Yes, Moody is a kicker but he’s not just any kicker. In 2021, he became a consensus All-American, a Bakken-Andersen Big Ten Kicker of the Year winner, and a Lou Groza Award winner after scoring 125 points, the fourth-most among FBS kickers, on 56-of-56 extra point tries and 23-of-25 field goal attempts. He also sent 66.3% of his kickoffs for touchbacks and there is every expectation among the maize and blue that he’ll provide more of the same in 2022.
The first Michigan Wolverine to win the Lou Groza Award, Jake Moody talks about his journey the past four years that led up to this point.#GoBlue pic.twitter.com/IeQcFjoycP
— Michigan Football (@UMichFootball) December 30, 2021
Michigan didn’t possess the flashiest offense in the country last year, but they didn’t need a ton of flash to be highly proficient, ranking 20th among FBS teams by available yards percentage, 18th in line yards per carry, 13th in points per drive and 6th with a 3.3% sack rate allowed. Not much has changed in terms of personnel, though Harbaugh elected to replace offensive coordinator Josh Gattis, who bolted for Miami, with new co-OCs Sherron Moore and Matt Weiss.
That duo inherits a pretty good situation. Up front, the offensive line returns three starters in Hayes and guards Trevor Keegan and Zak Zinter and also add Virginia grad transfer Olusegun Oluwatimi, who had 32 starts for the Cavaliers and was a finalist for the Rimington Trophy last season. The most pressing question behind them is who will replace running back Hassan Haskins, though Blake Corum had 952 rushing yards and 11 touchdowns himself, so there shouldn’t be too much drop-off.
Meanwhile, Bell’s return to the field can only bolster a group of pass catchers that returns basically every major contributor from last year’s CFP run. Cornelius Johnson (39 catches, 620 yards, three touchdowns) picked up the WR1 mantle in his absence, but he’ll get plenty of help from the likes of tight ends Erick All (38-437-2) and Luke Schoonmaker (17-165-3) and wide receivers Roman Wilson (25-420-3) and Mike Sainristil (22-312-2).
The Wolverines defense was one of the best in the country last year, and not just because of Aidan Hutchinson, ranking 14th overall by yards per play allowed and available yards percentage allowed while finishing 12th in points per drive allowed. Now that Hutchinson and David Ojabo are in the NFL, however, new defensive coordinator Jesse Minter will need to resolve some important questions by the fall.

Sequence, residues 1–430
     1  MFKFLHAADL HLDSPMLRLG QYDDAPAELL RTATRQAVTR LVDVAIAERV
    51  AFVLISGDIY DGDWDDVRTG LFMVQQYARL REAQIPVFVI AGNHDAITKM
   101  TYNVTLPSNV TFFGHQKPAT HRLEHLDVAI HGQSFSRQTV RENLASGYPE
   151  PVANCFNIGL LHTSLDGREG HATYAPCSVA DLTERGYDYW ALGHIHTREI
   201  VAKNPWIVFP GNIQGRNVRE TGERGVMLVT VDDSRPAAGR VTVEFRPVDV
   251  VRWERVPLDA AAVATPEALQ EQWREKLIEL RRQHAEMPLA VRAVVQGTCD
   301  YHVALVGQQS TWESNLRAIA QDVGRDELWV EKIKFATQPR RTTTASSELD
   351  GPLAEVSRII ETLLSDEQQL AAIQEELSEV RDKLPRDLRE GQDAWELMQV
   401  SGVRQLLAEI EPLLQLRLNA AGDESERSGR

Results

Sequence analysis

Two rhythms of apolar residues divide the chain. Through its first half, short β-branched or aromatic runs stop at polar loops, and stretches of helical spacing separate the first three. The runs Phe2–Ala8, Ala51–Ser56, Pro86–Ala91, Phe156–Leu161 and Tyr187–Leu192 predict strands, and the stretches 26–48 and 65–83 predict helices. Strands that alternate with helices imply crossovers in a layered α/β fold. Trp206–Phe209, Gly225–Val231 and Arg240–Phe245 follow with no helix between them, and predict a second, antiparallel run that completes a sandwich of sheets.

Chief among them: Who’s going to lead the pass rush in 2022? Hutchinson and Ojabo were outstanding last season, accounting for 25 of Michigan’s 34 sacks, but the team sack rate was actually right around the national average at 6.8%, 62nd among FBS teams. Graduate defensive end Taylor Upshaw leads all returning defenders with 2.5 sacks, so he and Smith at least provide some veteran experience up front. A youth movement could get underway, too, with sophomores like George Rooks and Rayshaun Benny, as well as prized 2022 recruit Derrick Moore, getting long looks.
Linebacker appears a little more set with both Nikhai Hill-Green and Junior Colson back for 2022. Each spent half of 2021 as the starter at weakside linebacker, but one or the other are the likeliest candidates to replace Josh Ross. Jaylen Harrell also got three starts and could carve out a larger role for himself.
The secondary is reloading after losing three of last year’s starters, but Michigan isn’t totally bereft of experience in this unit. Gemon Green and DJ Turner split time opposite of Vincent Gray last season while R.J. Moten and Rod Moore did the same alongside Brad Hawkins, though five-star 2022 recruit Will Johnson or four-star Keon Sabb could also work their way into the mix.
One way or another, Michigan is going to be one of the nation’s top teams in 2022, so while Hawaii and Colorado State have each begun a new chapter with fresh optimism, neither will seriously compete with the Wolverines in the Big House.
Michigan 42, Colorado State 20
Michigan 52, Hawaii 14